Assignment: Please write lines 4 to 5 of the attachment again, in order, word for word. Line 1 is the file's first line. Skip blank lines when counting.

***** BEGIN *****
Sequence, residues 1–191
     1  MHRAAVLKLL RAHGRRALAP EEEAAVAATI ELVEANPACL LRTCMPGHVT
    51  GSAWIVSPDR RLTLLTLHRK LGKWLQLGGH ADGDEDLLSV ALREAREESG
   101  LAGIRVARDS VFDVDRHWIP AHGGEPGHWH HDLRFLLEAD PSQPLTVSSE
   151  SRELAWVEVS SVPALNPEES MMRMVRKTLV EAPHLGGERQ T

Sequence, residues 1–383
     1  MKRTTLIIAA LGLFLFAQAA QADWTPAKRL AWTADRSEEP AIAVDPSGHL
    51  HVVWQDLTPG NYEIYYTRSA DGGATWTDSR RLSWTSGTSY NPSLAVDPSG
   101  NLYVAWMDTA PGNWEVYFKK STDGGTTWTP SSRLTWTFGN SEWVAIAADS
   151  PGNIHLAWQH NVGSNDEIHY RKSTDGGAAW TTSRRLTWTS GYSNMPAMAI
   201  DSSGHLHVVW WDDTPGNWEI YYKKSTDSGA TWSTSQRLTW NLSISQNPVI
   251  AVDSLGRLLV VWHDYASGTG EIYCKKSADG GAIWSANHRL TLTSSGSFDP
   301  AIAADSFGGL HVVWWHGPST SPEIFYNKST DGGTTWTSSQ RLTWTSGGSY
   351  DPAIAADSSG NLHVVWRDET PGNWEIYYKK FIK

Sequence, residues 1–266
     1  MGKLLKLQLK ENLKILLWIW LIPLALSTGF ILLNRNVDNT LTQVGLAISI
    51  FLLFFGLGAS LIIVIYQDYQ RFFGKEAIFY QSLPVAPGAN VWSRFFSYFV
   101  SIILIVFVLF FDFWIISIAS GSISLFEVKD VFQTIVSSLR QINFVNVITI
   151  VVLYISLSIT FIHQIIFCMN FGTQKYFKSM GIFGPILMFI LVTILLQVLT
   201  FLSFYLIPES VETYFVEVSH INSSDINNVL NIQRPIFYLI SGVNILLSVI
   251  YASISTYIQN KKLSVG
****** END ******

   101  LAGIRVARDS VFDVDRHWIP AHGGEPGHWH HDLRFLLEAD PSQPLTVSSE
   151  SRELAWVEVS SVPALNPEES MMRMVRKTLV EAPHLGGERQ T